Getting preschoolers on board with science of vision testing


Getting preschoolers on board with science of vision testing

Health Research Council
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A novel device designed by researchers at the Auckland Bioengineering Institute (ABI) to test the eyesight of pre-schoolers has been awarded $1.2 million in the Health Research Council (HRC) Project grants, which will enable the researchers to put the technology to the test in childcare centres in south Auckland.

The technology has been developed over a period of ten years by Dr Turuwhenua and his team to detect 'lazy eye' or amblyopia, which if left untreated can affect a person’s vision for life.

The test is designed to make the testing of visual acuity – clarity of or sharpness of vision - easier to measure and more accessible than it is at present.

While there is national vision screening of children in New Zealand, testing in young children is tricky. Current vision testing relies on an eye-chart system that requires the child to sit still and focus. Not all can be persuaded to do so – particularly pre-schoolers.

Dr Turuwhenua’s technology solves this problem by identifying instead how a child’s eyes involuntarily respond to carefully designed patterns on a short video featuring moving and different sized dots. The camera of the system measures the eye responses that in turn reveals visual acuity.

They have recently adapted their technology for use on a tablet and the HRC funding will allow their international team of researchers from Canada and New Zealand to test the ability of the technology to monitor the progression of amblyopia in those diagnosed with it.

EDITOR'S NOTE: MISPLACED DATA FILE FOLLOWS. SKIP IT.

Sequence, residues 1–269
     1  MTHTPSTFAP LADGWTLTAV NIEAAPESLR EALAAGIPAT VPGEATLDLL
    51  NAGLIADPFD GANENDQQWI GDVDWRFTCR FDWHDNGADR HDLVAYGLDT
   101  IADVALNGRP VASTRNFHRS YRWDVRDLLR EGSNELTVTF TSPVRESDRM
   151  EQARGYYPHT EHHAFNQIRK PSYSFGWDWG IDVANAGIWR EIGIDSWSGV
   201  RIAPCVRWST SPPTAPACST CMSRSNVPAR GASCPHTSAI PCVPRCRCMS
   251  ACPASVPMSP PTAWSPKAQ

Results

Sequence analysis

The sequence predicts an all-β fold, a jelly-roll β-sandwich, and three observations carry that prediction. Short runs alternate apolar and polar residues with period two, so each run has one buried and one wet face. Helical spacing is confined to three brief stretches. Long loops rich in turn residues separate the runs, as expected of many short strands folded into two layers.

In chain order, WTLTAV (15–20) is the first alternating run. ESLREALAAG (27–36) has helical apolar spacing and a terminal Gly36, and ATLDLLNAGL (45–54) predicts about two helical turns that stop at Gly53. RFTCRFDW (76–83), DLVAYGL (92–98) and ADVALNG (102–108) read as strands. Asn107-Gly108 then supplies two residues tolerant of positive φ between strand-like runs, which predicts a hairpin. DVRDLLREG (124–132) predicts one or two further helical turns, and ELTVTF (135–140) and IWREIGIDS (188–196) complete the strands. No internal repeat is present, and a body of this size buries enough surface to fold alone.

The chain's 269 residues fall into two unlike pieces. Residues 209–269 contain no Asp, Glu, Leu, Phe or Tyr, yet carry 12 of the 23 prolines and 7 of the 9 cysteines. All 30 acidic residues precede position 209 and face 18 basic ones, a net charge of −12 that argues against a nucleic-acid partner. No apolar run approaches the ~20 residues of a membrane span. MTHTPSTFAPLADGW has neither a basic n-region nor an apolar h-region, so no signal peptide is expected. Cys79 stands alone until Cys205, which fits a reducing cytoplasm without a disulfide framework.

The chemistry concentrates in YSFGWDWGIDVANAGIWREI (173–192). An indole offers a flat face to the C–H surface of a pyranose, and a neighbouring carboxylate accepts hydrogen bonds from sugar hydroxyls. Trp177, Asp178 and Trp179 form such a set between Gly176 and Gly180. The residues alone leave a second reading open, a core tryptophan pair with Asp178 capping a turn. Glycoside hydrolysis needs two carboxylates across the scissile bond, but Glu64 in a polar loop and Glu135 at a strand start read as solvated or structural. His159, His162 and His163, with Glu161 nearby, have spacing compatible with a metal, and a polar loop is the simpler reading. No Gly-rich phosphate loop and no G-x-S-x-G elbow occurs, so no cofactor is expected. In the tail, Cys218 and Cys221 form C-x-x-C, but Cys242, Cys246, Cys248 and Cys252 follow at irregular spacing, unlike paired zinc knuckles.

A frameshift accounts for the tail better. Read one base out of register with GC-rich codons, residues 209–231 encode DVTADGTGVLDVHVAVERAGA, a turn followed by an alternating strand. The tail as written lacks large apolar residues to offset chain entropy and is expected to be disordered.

“We expect that, through this device, better management of the condition will lead to more accurate monitoring,” says Dr Turuwhenua. “This will reduce the need for unnecessary treatments, such as patching, which can be time consuming and challenging for children and their families. Ultimately this will means less stress for whānau.”

“We will develop approaches to measuring visual acuity that are particularly suited to community or home use. Our hope would be that these tests could one day be administered by lay-persons such as parents at home.”

Importantly, a significant component of the development work involves a unique partnership with a group of Māori led childcare centres in the South Auckland area. The aim is to “strengthen our ability to do impactful research within the local community and at the same time gain a better understanding of eye health in South Auckland” says Dr Turuwhenua. “This is an exciting opportunity to work in partnership with the community.”